Among the plant fibers, cotton is by far the most widespread.
The name comes from the Arabic word katun, which means "conquered land". Already cultivated in India and Peru before the second millennium BC, it was introduced by the Saracens in Sicily in the ninth century and then throughout Europe about in 1300.
Considered an exotic product and hard to spin, it has long been considered a luxurious fabric like silk. Famous in Europe were the fine painted Indian cotton fabrics.
On their arrival in America, Europeans found new species of cotton grown in Mexico, Peru and Brazil. The eighteenth century techniques made it possible to intensify the cultivation, particularly in the South of the USA, with the invention of the cotton gin machine in 1792.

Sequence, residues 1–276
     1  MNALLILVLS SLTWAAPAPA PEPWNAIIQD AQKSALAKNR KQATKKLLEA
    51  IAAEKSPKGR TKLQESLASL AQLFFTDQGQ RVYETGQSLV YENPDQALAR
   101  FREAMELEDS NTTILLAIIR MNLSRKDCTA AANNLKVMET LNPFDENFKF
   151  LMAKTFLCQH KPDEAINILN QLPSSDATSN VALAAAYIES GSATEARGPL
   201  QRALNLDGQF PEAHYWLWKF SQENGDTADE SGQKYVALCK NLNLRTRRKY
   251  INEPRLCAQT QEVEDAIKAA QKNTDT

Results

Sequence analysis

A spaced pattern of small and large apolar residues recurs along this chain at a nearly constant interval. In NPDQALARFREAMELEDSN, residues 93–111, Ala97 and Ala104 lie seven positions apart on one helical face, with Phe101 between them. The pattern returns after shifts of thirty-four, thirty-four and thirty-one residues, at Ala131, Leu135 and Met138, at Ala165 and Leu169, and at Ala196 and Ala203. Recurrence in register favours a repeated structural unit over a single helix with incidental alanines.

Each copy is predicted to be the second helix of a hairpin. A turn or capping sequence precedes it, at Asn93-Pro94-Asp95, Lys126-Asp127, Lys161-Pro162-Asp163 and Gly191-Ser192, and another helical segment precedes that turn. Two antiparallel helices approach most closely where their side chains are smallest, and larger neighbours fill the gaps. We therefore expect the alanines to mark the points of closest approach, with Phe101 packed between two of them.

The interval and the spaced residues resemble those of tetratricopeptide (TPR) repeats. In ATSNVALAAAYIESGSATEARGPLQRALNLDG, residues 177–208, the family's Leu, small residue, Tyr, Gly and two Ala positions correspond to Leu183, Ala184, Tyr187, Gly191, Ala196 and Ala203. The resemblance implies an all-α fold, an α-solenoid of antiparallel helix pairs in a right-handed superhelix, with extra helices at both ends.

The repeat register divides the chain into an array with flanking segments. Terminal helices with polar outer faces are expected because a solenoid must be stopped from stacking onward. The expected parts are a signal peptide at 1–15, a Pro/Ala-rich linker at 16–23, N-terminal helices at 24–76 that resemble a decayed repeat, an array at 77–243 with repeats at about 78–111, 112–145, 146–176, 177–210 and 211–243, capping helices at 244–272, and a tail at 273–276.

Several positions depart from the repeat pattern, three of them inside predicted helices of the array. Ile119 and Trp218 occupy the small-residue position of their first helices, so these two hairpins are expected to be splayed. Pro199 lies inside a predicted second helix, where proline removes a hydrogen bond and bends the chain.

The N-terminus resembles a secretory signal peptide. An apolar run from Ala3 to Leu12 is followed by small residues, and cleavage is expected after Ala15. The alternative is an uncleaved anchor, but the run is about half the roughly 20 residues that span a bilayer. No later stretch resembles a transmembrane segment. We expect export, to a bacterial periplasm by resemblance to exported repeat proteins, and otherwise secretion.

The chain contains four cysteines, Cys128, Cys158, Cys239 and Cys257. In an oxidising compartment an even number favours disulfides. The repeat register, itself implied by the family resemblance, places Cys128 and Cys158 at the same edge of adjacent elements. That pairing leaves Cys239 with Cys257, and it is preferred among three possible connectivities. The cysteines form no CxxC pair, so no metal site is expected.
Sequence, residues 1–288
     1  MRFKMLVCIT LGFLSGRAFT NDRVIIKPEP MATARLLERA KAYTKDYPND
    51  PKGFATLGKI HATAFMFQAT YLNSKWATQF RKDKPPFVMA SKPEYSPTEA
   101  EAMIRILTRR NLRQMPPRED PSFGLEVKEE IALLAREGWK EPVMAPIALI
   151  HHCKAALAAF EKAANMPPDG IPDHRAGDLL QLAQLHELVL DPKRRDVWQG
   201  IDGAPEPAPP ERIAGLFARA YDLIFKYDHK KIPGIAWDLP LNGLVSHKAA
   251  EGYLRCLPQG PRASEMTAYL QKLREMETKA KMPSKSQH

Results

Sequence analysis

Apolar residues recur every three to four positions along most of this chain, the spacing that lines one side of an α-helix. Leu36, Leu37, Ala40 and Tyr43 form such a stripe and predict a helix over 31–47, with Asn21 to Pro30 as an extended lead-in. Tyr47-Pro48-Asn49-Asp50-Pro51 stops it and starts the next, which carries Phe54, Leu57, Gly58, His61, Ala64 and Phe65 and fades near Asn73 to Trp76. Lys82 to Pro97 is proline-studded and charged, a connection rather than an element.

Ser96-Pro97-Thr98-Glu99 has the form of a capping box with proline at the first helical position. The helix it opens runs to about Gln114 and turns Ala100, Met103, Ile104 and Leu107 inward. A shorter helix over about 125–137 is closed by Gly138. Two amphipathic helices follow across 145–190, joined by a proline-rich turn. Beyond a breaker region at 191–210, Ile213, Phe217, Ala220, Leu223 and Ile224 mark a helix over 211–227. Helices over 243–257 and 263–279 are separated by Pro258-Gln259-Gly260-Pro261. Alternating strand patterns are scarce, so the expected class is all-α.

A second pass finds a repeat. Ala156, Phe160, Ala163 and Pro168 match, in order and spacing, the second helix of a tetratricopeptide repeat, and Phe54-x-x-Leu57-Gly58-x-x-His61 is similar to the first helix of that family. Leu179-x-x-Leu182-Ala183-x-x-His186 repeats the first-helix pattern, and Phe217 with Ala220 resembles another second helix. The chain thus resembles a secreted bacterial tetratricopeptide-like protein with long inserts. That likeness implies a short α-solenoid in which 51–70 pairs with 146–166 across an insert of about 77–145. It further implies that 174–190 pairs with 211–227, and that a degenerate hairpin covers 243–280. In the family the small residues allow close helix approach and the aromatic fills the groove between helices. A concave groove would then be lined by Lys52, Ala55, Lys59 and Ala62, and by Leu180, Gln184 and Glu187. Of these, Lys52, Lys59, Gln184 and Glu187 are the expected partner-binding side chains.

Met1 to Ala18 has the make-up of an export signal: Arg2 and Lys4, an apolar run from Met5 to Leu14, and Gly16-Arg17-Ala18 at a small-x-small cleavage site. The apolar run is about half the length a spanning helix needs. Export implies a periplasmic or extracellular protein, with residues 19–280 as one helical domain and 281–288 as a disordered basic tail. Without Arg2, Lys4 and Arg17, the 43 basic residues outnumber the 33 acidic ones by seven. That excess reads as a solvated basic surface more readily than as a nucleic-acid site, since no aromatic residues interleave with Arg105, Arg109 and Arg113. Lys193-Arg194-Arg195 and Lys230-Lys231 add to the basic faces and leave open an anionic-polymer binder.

Today, the cultivation is widespread in tropical and warm temperate regions all over the world. The larger crops are in Egypt, Pakistan, Sudan and Eastern Europe, where they grow the best quality, or in countries with a wet season and a dry as the United States, India, Chile, Brazil.
Cotton is by far the most important of the plant fiber and is still the most widely used in the textile fiber.
The fiber is made of white thin filaments, long two or three centimeters obtained from the mature capsule of the cotton plant. The most valuable qualities are long fiber, white, with silk-like sheen. After harvesting and ginning, the cotton is carded and combed so as to eliminate all impurities. Those long by 10 mm up are an excellent raw material for yarns; shorter ones are used for the manufacture of rayon and celluloid.